Stockxpert Contributor Profile: Ikophotos

By Ben Kessler of the Graphics.com Network


Dateline: July 25, 2007
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A common misconception is that stock imagery is just visual boilerplate, something unassuming to hold the eye in place. Adept designers such as "Ikophotos," however, can turn familiar objects and situations into one-of-a-kind, uniquely marketable visuals. His Stockxpert.com portfolio is filled with images that enliven the everyday with idiosyncratic yet tasteful gestures. These artful touches range from subtle (an incongruous dash of computerized color) to totally bizarre (flames shooting out of a vacuum cleaner). As a photographer, he draws from his models a broad spectrum of personally revealing, seemingly spontaneous attitudes and expressions.

"Ikophotos" answered my questions about his work and creative process via email.


Ben Kessler: Who are you outside of the Stockxpert community?

Ikophotos: My name is Erik Reis. I was born in Angola, but I moved to Portugal one year ago.

How did you come to be a designer and photographer? What is your educational background?

I started studying to be an architect, but it was just a dream, of course, because I am very lazy. Then I was a AutoCAD designer, but that was very monotonous, sitting all day in front of a monitor and burning my eyes. Later, at the age of 21, I discovered photography and Photoshop. And now I love what I am doing.

Are you a designer/photographer by trade? If so, do you work at a firm or are you freelance? How long have you been working in this field?

I started doing microstock in the first half of 2005, but I am only now starting to treat this business more seriously. Now I am a microstock photographer 50% of the time, and the rest of the time I am a telecommunications technician.

What tools do you use to create your images?

My Canon 20D, PC with Photoshop, my studio with flashlights, and imagination.

How do you get your ideas? Where do you go when you need inspiration?

Sometimes I'm feeling motivated, and other times I'm not. When I'm not I simply give up and try another day. But when I am motivated and the ideas simply don't come, I go take a look in Stockxpert and see some wonderful work that we have there from some photographers and illustrators.

When creating your images, what commercial factors come into play? How do you make yourself aware of what the marketplace wants?

I think the most important thing is having diversity in your portfolio. So I try to have a little bit of everything… I don't think too much about which concept is selling better. I only try having fun on what I do.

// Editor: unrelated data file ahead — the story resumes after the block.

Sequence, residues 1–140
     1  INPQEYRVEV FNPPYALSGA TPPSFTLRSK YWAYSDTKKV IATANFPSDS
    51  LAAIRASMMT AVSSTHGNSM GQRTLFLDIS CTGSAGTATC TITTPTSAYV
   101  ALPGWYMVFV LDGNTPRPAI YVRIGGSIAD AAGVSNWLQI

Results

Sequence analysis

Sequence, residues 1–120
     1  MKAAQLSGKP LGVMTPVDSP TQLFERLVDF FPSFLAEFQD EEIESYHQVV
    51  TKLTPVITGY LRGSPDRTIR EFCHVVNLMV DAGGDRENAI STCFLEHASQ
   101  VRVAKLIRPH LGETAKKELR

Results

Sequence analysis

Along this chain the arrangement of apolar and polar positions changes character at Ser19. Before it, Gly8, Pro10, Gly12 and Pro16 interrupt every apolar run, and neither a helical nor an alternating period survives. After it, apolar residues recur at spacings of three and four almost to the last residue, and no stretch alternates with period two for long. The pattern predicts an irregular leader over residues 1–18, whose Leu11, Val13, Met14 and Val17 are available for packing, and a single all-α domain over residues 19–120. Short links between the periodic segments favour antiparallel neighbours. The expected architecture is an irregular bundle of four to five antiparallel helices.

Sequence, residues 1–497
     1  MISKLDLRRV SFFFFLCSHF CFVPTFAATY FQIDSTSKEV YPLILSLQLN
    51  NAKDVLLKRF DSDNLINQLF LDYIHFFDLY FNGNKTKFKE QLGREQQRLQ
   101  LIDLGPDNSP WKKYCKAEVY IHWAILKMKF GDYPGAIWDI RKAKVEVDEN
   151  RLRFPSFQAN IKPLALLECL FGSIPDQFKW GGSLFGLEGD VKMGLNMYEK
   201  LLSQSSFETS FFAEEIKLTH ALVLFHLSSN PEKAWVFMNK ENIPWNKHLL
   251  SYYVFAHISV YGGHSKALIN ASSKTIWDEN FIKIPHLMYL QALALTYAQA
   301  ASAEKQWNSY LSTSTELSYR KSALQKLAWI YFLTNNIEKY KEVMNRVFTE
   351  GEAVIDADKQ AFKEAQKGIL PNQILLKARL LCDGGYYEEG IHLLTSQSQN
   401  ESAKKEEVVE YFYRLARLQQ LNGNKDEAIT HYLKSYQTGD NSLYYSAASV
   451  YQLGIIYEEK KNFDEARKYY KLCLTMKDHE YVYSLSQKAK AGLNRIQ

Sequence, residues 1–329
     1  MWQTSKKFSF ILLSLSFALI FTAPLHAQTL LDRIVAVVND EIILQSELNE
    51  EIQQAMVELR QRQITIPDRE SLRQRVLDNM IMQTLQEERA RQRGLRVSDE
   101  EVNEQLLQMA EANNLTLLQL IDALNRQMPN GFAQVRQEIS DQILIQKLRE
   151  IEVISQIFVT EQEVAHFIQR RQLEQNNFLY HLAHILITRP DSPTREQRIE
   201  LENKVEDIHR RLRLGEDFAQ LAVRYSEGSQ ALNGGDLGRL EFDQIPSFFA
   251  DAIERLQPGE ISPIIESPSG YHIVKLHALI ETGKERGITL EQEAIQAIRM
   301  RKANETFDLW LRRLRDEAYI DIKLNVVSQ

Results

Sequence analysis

Please describe your preferred work habits. Is there a time of day when you are most productive?

I work every day from 3 p.m to 6 p.m, and then from 9 p.m to 12 a.m. I spend most of that time processing the pictures, doing some funny things in Photoshop, introducing keywords and uploading files to the websites. I schedule all my shoots for the weekend. Thank God for my patient girlfriend Catarina, she is my partner and my primary model too. :)

Your portfolio mixes illustration and photography, often in the same image. Do you consider yourself primarily a photographer or an illustrator? Which sells better for you?

I'm primarily a photographer that likes to play with Photoshop and mix the two things. In my case the photography sells well, but I think that some designers have great sales with illustration.

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Your photo shoots using human models have a wonderful sense of play. How do you know when you've found the right model?

I don't have many models, my models are my girlfriend and some friends… but soon I will have better conditions to start to hire some models.

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Many of your portraits are set against a computer-generated monochromatic background. What considerations inform your choice of background color?

Some days when I wake up I like blues, other greens, and others oranges. I try to coordinate the background color with the model's clothes and the objects in the picture.

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Your images involving the "vintage phone" are notable for featuring an older device rather than new technology. Are you at all inspired by objects from the past? What is it about an object that makes it "photogenic" for you?

I like the old things. They are very cute and make me think that the present doesn't exist. Today's objects are obsolete tomorrow. And, yes, they are very photogenic, different, and very useful to designers.

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Move Your Body is an especially fun image of yours. In it, a common corkscrew is transformed into something resembling a many-armed Hindu goddess. What was the genesis of this piece?

I had this idea because my brother (also a designer) was organizing a fitness convention, and he gave the name Move Your Body to that convention. So I used a corkscrew to illustrate that concept. In the end, we didn't use the image.

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Where do you see your work going in the future? What are your aspirations?

Good question. I never thought I would go so far and even earn some money when I first uploaded some photos to the microstock sites. But I am human, and like everybody I want more. In the future I hope that microstock will be my full-time job, because it's so nice and I have so much fun doing this. Soon I will!


To see more of Erik Reis' work, visit his gallery on the Stockxpert.com site.